ACIAR’s Principal Advisor Dr Simon Hearn recently attended a workshop in Pakistan on youth and agriculture. He says the key message centred on the need for agricultural research providing opportunities for youth...
Many developing countries have a large number of rural youth looking to improve their lives. To capitalise on this, agricultural research needs to have practical applications and provide opportunities for young people.
Meeting the challenges of engaging youth in agriculture and related industries, to produce future regional food needs, is a high priority of the Asia-Pacific Association of Agricultural Research Institutions (APAARI).
At the latest meeting of APAARI in Islamabad, Pakistan, a two-day regional workshop* on ‘youth and agriculture: challenges & opportunities’ was organised by the Pakistan Agricultural Research Council.
A common theme among the workshop's delegates (which included scientists and government representatives from 24 countries and UN officials) was that young people are losing interest in agriculture. This is happening at both farm level and research level, and in some countries is worsened by the apparent low social status of farmers.
At the meeting, the Pakistani Federal Minister for Planning and Development, Ahsan Iqbal, said that Pakistan has one of the largest youth bulges, with 35% of the population aged under 16 and 60% under 36, of which 70% live in rural areas.
Mr Ahsan described youth in Pakistan as a demographic dividend with great potential. ‘This demographic bulge is a great opportunity for the country to lead towards sustainable growth.’ However, he warned that ‘if opportunities are not provided to tap the youth potential, this dividend may prove to be a curse for the country’.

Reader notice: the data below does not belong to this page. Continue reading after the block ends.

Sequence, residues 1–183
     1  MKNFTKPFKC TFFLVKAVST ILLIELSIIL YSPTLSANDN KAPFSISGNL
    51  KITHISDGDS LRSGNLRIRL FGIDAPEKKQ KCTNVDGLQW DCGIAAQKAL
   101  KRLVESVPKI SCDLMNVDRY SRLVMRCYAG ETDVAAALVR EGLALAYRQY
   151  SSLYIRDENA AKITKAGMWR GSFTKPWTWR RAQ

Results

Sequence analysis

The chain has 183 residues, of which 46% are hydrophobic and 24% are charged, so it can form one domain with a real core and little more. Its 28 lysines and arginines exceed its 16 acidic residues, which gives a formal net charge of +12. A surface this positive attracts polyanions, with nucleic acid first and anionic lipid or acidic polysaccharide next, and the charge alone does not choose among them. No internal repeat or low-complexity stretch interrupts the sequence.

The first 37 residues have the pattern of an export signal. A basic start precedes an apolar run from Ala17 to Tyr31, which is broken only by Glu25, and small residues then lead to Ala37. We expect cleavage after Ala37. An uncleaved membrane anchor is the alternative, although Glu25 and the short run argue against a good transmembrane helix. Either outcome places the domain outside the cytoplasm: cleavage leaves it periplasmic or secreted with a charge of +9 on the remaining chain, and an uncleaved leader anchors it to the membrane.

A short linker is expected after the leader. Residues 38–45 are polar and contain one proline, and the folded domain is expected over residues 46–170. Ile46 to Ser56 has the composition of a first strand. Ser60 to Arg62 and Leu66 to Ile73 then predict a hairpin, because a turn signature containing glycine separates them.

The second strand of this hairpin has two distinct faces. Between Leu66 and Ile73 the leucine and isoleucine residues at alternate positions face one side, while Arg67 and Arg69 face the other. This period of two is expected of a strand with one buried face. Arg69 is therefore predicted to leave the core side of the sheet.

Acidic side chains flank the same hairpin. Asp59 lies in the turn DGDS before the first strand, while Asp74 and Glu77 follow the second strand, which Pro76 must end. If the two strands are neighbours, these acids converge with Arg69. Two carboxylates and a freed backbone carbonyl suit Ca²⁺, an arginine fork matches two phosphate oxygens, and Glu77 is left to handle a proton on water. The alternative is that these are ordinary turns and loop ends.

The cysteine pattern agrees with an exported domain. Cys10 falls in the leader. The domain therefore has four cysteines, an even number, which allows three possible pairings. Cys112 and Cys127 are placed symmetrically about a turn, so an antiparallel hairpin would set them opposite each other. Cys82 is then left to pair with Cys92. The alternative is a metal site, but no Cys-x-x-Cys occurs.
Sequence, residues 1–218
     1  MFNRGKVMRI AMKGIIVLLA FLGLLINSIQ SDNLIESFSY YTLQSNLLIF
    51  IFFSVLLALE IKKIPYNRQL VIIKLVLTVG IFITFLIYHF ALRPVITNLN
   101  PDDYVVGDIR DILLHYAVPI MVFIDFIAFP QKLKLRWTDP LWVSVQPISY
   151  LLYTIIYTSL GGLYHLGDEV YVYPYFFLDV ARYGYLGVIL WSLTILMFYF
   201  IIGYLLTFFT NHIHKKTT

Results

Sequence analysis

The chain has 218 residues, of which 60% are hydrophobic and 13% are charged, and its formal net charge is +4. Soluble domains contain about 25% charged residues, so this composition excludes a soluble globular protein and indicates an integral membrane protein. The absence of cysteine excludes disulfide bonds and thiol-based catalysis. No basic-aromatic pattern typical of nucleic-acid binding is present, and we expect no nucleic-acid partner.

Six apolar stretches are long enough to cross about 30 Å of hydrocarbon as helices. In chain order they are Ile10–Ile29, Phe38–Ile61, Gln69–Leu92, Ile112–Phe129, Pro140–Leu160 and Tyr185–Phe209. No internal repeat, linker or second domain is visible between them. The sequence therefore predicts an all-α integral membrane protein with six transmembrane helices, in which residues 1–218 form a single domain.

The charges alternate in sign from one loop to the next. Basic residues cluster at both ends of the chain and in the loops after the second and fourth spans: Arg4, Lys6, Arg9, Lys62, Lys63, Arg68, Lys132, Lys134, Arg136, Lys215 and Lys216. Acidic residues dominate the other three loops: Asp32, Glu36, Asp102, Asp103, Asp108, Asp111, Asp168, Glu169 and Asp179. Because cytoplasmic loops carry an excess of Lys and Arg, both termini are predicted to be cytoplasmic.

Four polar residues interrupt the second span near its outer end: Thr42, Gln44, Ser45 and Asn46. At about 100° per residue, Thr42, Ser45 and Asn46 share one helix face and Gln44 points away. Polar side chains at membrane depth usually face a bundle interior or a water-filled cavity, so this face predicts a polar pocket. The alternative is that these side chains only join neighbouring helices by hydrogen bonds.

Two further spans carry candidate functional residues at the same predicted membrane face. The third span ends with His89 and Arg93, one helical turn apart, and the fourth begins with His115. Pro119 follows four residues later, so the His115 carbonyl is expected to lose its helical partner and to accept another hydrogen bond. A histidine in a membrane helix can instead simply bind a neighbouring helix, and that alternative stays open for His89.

‘The youth of rural areas must be provided opportunities through rural enterprises to boost the agriculture sector’, Minister Ahsan said. ‘Through such enterprises, the youth would not only be able to earn a living for themselves, but could generate employment opportunities for other youth of their areas’, he added.
Advancing applied technology
Minister Ahsan also highlighted the need in Pakistan to promote applied research with practical application in various sectors of the economy, including agriculture.
‘Our research must be applied, with strong links to the development goals of the country’, he said. ‘Researchers must not only focus on publishing research papers; rather they must conduct research that has practical application for the development of respective sectors of the economy.’
ACIAR is funding applied research to boost the performance of Pakistan's mango, citrus and dairy industries through the AU$12.95m Australia-Pakistan Agricultural Sector Linkages Program (ASLP).
Research partnership benefits
As APAARI’s Chair at the Islamabad meeting, I highlighted the need for regional research partnerships for the benefit of all. National
research is important, but regional research partnerships can have a
greater impact given major common challenges such as climate change and
water management. Such research partnerships will help address the Asia-Pacific region's
increasing food demand and boost its economies.
By Dr Simon Hearn, ACIAR’s Principal Advisor and APAARI Chair
*The ‘Regional workshop on youth and agriculture: challenges & opportunities’ was supported by APAARI and the Global Forum on Agricultural Research (GFAR), International Center for Agricultural Research in the Dry Areas (ICARDA), International Crops Research Institute for the Semi-Arid-Tropics (ICRISAT), Food and Agriculture Organization of the United Nations, International Food Policy Research Institute (IFPRI), Biodiversity International, International Maize and Wheat Improvement Center (CIMMYT), and ACIAR.
Australia-Pakistan Agricultural Sector Linkages Program (ASLP)
Factsheet on ASLP mango research Improving market opportunities for mangoes in Pakistan